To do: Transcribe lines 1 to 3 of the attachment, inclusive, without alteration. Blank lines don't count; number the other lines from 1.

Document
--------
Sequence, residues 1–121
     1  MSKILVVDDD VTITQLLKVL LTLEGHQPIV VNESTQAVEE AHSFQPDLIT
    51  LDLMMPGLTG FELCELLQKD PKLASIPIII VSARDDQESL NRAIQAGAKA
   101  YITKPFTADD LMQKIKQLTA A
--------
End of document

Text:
Sequence, residues 1–121
     1  MSKILVVDDD VTITQLLKVL LTLEGHQPIV VNESTQAVEE AHSFQPDLIT
    51  LDLMMPGLTG FELCELLQKD PKLASIPIII VSARDDQESL NRAIQAGAKA